Death of Capt HALSEY of the THOMAS BENNETT 1844

Aug 16th 1844

Liverpool Wednesday

Murder of a Liverpool captain

We regret to announce that a terrible murder was perpetrated in the Bay of Biscay on the 9th instant.

On the 3rd inst the THOMAS BENNETT, HALSEY Master, sailed from Charleston, when she got in the Bay of Biscay a dispute arose between the captain and the cook, in the course of which the captain presented a pistol, and seemed intent on producing death.

The cook immediately produced a knife and stabbed the captain in the back and also in other parts of the body, death was almost instantaneous.

The crew secured the cook and kept the remains of the captain on board and brought the vessel back to Liverpool. She arrived at the Rock Lighthouse this morning and the disastrous news was given to the police, several constables were sent on board the vessel and the cook was taken into custody and conveyed to the bride well.

The Captain’s body will stay on board until it has been examined by the coroner’s jury.

The captain was a respectable married man of gentlemanly deportment. The cook, a young married man of this port, was placed this afternoon before Mr RUSHTON, who remanded him until tomorrow to afford time for a consultation with the coroner Mr CURRY

Liverpool Friday

Coroners inquest, American Vice Consul present.

The evidence having been closed some seamen, crew of the THOMAS BENNETT, expressed the wish to deny, imputations upon their character, by questions having been asked whether they exhibited any symptoms of mutiny or disobedience, there was no foundation whatever for the insinuation.

At the end of the discussion on the subject, Capt BINN of the American ship GEORGINA, expressed a wish to make a representation to the court on the character of the deceased.

It would be implied by the evidence of the steward and others that Capt HALSEY was something approaching an habitual drunkard, or a least a hard drinker, he had known Capt HALSEY for more than 20yrs and he thought it his duty as a friend of the deceased to say publicly, that he had never seen the Captain drunk of bordering on intoxication. In fact, it was with the utmost difficulty that he could be prevailed on to take a single glass of anything. He wished to say this much with regard to the memory of his deceased friend and out of respect to the feeling of his family, who would be deeply wounded by such an imputation.

The Coroner said he had been present at the post mortem, and had never seen a more healthy liver, proof that the deceased habits were not that of a drunkard , Mr WOODS, Surgeon confirmed the opinion of the coroner.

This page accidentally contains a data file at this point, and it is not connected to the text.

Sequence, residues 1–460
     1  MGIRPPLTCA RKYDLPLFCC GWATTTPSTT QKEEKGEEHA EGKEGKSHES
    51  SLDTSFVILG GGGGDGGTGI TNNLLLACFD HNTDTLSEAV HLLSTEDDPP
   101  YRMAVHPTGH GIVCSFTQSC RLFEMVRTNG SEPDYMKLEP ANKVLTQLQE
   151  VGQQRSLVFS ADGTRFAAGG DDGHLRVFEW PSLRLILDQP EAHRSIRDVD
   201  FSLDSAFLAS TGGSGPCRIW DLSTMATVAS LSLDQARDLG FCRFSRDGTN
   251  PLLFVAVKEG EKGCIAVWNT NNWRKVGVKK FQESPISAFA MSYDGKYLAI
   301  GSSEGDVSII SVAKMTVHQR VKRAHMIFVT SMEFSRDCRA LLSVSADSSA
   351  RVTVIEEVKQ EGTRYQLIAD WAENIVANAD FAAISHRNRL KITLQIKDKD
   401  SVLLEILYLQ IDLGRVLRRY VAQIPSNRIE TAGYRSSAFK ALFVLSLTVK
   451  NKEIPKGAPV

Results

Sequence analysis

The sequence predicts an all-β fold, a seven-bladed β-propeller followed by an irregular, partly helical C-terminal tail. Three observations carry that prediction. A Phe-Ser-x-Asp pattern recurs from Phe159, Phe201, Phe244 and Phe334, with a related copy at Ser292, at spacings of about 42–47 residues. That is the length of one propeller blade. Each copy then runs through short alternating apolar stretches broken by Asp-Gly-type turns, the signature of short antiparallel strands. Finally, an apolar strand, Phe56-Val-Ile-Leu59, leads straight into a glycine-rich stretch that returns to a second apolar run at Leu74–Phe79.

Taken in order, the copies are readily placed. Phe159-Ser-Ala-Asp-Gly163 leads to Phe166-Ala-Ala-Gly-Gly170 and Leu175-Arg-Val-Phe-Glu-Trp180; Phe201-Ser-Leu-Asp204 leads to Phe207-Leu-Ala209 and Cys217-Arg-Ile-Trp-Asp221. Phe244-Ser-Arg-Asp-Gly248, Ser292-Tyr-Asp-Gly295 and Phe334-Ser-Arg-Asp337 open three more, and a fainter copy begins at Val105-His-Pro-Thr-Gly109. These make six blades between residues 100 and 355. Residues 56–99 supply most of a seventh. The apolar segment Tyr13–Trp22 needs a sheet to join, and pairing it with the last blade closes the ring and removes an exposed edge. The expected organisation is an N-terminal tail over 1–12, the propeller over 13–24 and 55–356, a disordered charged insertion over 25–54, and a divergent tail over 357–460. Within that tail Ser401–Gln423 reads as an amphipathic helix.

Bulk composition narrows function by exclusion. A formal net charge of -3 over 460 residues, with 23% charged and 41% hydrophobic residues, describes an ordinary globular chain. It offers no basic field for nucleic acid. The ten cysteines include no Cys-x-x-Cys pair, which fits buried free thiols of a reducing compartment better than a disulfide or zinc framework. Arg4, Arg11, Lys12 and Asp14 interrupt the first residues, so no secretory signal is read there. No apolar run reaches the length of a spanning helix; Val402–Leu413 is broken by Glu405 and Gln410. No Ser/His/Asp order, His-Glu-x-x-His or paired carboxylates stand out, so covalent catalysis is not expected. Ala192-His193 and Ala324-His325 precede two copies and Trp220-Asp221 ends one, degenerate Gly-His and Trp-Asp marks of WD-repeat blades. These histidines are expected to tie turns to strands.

The coroner summing up pointed out to the jury that there were three verdicts, murder, manslaughter and justifiable homicide, and then explained the nature of the circumstances which would bring a case of homicide within these particular classes.

After an absence of 20mins they jury returned a verdict of “Justifiable Homicide.”

Effects of the verdict

The American authorities in this port have claimed to have KENT delivered to them under the treaty, to be tried in the United States, the offence having been committed to an American citizen under the American flag. The Home Secretary has been written to for instructions, the case being one of justifiable homicide, upon the prisoner would in ordinary cases be entitled to his liberty. The question arises will the American authorities persist in their claim.

The remains of Capt HALSEY were interred yesterday afternoon in St James cemetery and as a mark of respect were attended by most of the commanders of the American vessels in port.

Liverpool Thursday

The reply of Sir J. GRAHAM was received today, enclosing the opinions of the law officers of the crown.

Shortly after the prisoner KENT was brought up at the police court, Mr RUSHTON asked whether the American Consul had been informed. Mr ELLIS the senior clerk replied in the affirmative.

Mr RUSHTON addressed the prisoner, “When the depositions in your case were taken before me, I told you that I should submit the evidence to high official authorities. I have done so and it is now my duty to discharge you. From the fact of the body of the deceased being brought within the jurisdiction of the coroner of the borough, it became necessary to institute a solemn inquiry into the cause of his death, and since the evidence was taken by me, that inquiry has terminated. The jury were men of great respectability, and it must be consolatory to you to know that the verdict was one of justifiable homicide.”

The prisoner was then discharged and left the court, accompanied by a crowd of spectators.


Copyright 2002 / To date